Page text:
Let’s go surfin’ now, everybody’s learning how, come on on safari with me. /Surfin’ Safari, music and lyrics by Brian Wilson
Surfing has strangely been on my mind lately. I’ve been reading the book Barbarian Days, A Surfing Life by William Finnegan. In it, Mr. Finnegan chronicles his early fascination with the sport, sparked not only by his family’s proximity to surfing meccas in Southern California and Hawaii, but also by the surf culture of the early-to-mid sixties, indelibly captured by the guitar driven surf music of Dick Dale and The Ventures and in films such as Beach Blanket Bingo, Gidget, and Ride the Wild Surf. I grew up during in those days, only an hour or so drive “down” the Jersey Shore. And though my sporting interests were rooted in terra firma, I recall my family’s first visit to Long Beach Island, a sliver of a barrier island north of Atlantic City. After a day in the sun, the five of us sat on logs around a small fire and listened to a local cover band tear through a credible version of the ultimate surf instrumental, Wipeout. I fell asleep that evening with visions of taking drum lessons and then mesmerizing my classmates with a virtuoso performance of Wipeout’s iconic drum solo. But when school rolled around that September, I was given a Bundy clarinet, began free lessons, and was forever consigned to the woodwind section, several strata below the rarefied cool of brass and percussion.
Around that time, in 1966, a bunch of us kids walked downtown to see a film called The Endless Summer. Produced and directed by Bruce Brown, the movie followed two surfers on a surfing trip around the world in search of “the perfect wave.” Again, I was a city kid who had as much contact with surfing and surf culture as I had with bullfighting. Yet the film’s exotic locations and thrilling action photography captivated me like no movie before or since.
So, with surfing and The Endless Summer on my mind, I was surprised by the odd coincidence of seeing The Endless Summer in today’s intellectual property news. According to IP 360, “The filmmaker behind “The Endless Summer” is suing Nike and Foot Locker for trademark infringement, alleging that an ad campaign that ran last year used the movie’s title and graphics from its poster to sell shoes and other apparel.” In the Complaint filed in, where else, Los Angeles, the filmmaker’s company alleges not only that The Endless Summer is “considered to be one of the most influential films to depict surfing and the surfing lifestyle,” but also that “The Endless Summer and the images emblematic of the Endless Summer film poster have become famous and distinctive brands.” The Complaint goes on to allege that the Foot Locker/Nike “Endless Summer” ads confused consumers into thinking that the filmmakers had approved the campaign. The question posed by the case is this: Does The Endless Summer have to Rs–the “r” in summer and the “Circle R”–the registered trademark symbol? And, yes, the filmmakers do own a federal registration for THE ENDLESS SUMMER. The case is Bruce Brown Films LLC v. Foot Locker Inc. et al., case number 2:20-cv-02553, in the U.S. District Court for the Central District of California.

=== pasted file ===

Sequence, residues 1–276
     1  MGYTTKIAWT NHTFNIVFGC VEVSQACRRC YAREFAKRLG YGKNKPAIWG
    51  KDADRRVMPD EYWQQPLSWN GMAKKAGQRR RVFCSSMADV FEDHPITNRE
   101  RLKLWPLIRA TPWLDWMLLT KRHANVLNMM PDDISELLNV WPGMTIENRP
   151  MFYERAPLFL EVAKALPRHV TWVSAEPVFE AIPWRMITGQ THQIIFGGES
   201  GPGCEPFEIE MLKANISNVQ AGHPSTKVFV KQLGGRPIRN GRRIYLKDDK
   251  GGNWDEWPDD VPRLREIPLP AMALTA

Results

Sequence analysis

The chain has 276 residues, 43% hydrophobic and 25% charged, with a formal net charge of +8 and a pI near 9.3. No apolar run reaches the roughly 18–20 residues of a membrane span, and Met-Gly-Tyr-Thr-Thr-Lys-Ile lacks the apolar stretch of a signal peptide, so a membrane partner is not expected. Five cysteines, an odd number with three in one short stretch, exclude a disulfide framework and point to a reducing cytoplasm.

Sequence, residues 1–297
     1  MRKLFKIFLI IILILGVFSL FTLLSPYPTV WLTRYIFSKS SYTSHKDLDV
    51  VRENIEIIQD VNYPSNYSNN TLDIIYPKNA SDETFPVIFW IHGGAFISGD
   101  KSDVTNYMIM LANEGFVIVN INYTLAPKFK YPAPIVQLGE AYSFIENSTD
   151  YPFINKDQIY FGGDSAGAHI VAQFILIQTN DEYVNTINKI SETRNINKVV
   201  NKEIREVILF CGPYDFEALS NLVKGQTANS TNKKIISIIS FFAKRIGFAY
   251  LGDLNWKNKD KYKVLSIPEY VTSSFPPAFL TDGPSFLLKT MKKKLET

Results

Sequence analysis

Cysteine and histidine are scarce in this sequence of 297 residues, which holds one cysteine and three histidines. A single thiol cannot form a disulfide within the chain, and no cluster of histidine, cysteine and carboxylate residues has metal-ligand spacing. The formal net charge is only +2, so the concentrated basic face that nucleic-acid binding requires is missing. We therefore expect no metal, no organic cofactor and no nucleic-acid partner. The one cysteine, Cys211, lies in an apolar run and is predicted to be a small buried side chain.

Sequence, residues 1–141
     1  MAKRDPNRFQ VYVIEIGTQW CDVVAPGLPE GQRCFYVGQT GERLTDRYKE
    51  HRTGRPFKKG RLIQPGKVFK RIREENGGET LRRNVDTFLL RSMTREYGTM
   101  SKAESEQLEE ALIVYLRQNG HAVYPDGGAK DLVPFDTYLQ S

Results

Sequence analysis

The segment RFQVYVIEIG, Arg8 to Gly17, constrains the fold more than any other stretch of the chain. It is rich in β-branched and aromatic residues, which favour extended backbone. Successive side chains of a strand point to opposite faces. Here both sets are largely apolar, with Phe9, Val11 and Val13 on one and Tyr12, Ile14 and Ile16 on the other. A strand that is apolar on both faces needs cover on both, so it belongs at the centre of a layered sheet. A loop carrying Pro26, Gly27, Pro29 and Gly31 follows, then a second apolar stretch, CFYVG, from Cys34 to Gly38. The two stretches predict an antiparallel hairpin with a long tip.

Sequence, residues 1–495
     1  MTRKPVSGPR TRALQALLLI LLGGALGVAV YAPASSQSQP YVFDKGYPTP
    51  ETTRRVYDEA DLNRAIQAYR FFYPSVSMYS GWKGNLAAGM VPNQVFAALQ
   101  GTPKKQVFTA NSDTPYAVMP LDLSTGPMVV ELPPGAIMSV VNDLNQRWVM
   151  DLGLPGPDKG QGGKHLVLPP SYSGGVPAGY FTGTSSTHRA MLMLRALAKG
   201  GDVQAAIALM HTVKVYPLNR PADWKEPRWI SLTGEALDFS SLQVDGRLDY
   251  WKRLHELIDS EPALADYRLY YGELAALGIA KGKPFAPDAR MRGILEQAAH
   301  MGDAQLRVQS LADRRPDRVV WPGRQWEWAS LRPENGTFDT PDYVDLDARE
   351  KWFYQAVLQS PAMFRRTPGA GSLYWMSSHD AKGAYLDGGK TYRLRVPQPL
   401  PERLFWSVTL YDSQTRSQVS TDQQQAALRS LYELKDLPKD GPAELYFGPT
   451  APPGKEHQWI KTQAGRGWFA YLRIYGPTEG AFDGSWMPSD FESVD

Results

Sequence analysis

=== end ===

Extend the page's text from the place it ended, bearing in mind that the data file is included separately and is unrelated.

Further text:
The Endless Summer has been on my mind for another reason. In 2003, Bruce Brown’s son put out a sequel to The Endless Summer called Step Into Liquid. Naturally, I had to see it. And I did–during the aftermath of a massive storm that knocked-out power in D.C. for nearly a week, leaving us unmoored and insecure. I’d been thinking about that small disruption during our current, more dire, national public health crisis. And reading William Finnegan’s surf memoir has been transporting me back to The Endless Summer of 1966 and to that film’s classic poster: the faceless silhouettes of three male surfers against an eye-popping Day-Glo background dominated by a giant yellow sun.
Today, during the first week in what likely will be a long and challenging test of our collective resolve, compassion, and ingenuity, when my age demographic appears to be at greatest risk, it’s strangely comforting to see that something so intertwined with my generation’s collective cultural consciousness–a film about a challenging journey, about risks, about courage and about the danger and beauty of the natural world–remains as vital and relevant today as it did over 50 years ago. Let “the perfect wave” be a metaphor; never stop searching.
"You can go right or left, but you can’t very well do both at once."